my thought though, on listening to the diplo remix, is that I cannot hear this track without putting it entirely in a DJ context. (I really miss DJing, I realize, more and more). I’m thinking about a movement in political theory scholarship that focused on “print culture” and the relationship that material conditions had on (especially 17th century) thought. This track requires a very specific ‘dance culture’ to do its work, I think. Diplo, in his early-mid 2013 mode, is now entirely a festival DJ…. its cochella, not basement clubs… and crossing the threshold here assumes, I think, not a packed room of sweaty dancers who are moving in a kind of intense silence, but a veritable sea of screaming (mostly) white doods in a tent in the middle of the desert. SCREAMING.
that is, I’m listening to this remix thinking about how I would mix it, and what I would mix it with, and I’m actually at a loss, because I don’t know how to spin for a crowd like that. but clearly, diplo+grandtheft do.
that is, does the “nothing” drop maximize *through* the crowd? and a particular kind of crowd at that?
Hi AD–Thanks for your comment! I’m really glad you find this stuff useful. Honestly I”m just trying to thematize what the music is doing, and use the way songs are organized to help theorize how society is organized. I’d love to hear more about how you understand the neoliberal politics of punishment.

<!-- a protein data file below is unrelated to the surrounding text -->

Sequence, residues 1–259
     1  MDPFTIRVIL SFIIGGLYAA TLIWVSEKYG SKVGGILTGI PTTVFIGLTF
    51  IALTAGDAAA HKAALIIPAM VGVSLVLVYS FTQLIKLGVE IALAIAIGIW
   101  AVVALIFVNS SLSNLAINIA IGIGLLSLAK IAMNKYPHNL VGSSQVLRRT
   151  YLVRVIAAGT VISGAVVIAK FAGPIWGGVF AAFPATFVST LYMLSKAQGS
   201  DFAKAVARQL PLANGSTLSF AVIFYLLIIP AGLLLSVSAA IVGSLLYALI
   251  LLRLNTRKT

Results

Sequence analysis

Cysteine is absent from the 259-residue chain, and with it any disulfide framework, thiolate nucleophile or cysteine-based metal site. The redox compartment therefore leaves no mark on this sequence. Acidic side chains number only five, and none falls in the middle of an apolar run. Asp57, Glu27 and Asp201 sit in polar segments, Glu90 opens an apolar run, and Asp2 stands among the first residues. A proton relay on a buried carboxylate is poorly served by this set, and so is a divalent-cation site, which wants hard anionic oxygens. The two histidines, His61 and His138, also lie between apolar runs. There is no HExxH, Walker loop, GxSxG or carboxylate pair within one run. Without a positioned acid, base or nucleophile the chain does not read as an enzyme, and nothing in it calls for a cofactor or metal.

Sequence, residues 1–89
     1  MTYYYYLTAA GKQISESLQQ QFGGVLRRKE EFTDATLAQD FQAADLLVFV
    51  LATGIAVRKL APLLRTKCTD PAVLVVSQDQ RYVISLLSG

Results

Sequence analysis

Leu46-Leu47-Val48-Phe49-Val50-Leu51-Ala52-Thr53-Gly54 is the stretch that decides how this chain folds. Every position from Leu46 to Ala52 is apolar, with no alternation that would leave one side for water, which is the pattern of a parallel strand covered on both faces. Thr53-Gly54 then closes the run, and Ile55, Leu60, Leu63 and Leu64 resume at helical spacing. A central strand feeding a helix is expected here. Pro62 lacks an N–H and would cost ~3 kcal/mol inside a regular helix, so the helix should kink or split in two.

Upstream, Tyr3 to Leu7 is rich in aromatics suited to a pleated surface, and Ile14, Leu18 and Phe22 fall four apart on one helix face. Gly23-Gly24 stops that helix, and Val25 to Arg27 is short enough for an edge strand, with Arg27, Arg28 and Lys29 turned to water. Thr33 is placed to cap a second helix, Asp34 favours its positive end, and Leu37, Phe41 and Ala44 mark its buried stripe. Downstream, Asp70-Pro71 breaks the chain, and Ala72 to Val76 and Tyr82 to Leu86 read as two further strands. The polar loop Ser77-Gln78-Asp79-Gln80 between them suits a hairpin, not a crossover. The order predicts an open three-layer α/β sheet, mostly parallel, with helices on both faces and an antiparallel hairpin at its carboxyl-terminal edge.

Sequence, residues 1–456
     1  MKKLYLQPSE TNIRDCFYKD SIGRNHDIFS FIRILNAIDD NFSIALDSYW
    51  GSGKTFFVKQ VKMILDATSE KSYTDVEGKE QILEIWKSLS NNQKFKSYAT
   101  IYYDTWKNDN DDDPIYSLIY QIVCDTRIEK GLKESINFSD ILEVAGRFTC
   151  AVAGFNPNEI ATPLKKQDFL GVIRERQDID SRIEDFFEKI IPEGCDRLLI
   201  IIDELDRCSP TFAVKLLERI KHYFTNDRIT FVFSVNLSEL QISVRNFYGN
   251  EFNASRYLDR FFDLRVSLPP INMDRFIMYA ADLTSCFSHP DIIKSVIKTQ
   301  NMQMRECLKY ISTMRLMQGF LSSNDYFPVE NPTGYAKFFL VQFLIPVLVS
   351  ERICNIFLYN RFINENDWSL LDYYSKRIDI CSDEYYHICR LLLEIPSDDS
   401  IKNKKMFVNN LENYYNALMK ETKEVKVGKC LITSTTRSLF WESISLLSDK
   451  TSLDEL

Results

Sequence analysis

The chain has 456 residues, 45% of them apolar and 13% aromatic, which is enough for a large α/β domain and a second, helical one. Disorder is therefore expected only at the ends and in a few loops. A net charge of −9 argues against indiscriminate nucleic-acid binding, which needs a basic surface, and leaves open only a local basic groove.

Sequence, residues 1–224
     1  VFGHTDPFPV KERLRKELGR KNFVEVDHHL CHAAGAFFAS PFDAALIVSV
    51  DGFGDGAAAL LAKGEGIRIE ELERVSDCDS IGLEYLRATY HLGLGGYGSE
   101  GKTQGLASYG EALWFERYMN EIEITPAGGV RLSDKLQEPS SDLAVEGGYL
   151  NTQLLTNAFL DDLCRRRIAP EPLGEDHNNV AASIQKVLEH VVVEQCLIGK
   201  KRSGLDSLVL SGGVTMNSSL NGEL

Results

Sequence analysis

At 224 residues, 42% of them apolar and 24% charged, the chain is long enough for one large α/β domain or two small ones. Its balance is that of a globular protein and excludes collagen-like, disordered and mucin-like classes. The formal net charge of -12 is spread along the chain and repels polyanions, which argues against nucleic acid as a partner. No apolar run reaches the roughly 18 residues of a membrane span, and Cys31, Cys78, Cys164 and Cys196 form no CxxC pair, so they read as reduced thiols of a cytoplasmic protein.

It’s interesting that you call what I”m developing a “social accumulation theory”–mainly because I had never thought of it in terms of accumulation myself, but I totally see that now that you mention it. The idea of accumulation–specifically, stockpiling–is definitely in the (Jacques) Attali stuff I’m working from. But it would be helpful for me to understand how you get/read “social accumulation” in what I’m doing with music & neoliberalism…
And your point about context is right on, IMHO. For a few reasons: (1) crowds. deleuzian control society is all about crowds; biopolitics is all about populations. so there’s this nice intersection btw neoliberal theory here and the historical context of EDM (which, as you note, is increasingly consumed in this festival context); (2) white d00ds screaming: YES. it’s all about crossing thresholds; just as screaming crosses sonic thresholds (see my post on britney & will.i.am for that argument), the scream-dancing is a way to physiologically, corporeally ‘scream’–cross/transgress personal/subjectivity boundaries…basically, it’s a way to experience risk in a way that can be immediately capitalized on (as pleasure).
that last question–does the nothing maximize through the crowd–is really interesting. i read you as asking: has the sonic passed over into the affectively viral? so we hear it as silence, but it is experienced/perceived as an affective, rather than sonic, transmission? the crowd is the medium for that affective transmission, while sound waves/electric signal were the medium for the sonic transmission? [wow, thanks for pushing me on this!! super productive :)]
Also: (1) doing a panel on something like this would be awesome; and (2) someday when we all have tenure (ha!) we should start a theory DJ crew.
nice conversation here thanks Robin.
– Herman Swan
Calvin Harris is one of the most popular in terms of entertainment. Lots of people love him because of his one of a kind performance. I’m an avid fan of Calvin Harris, I really want to attend his latest concert but due of my hectic schedule, I didn’t make it but hopefully next time.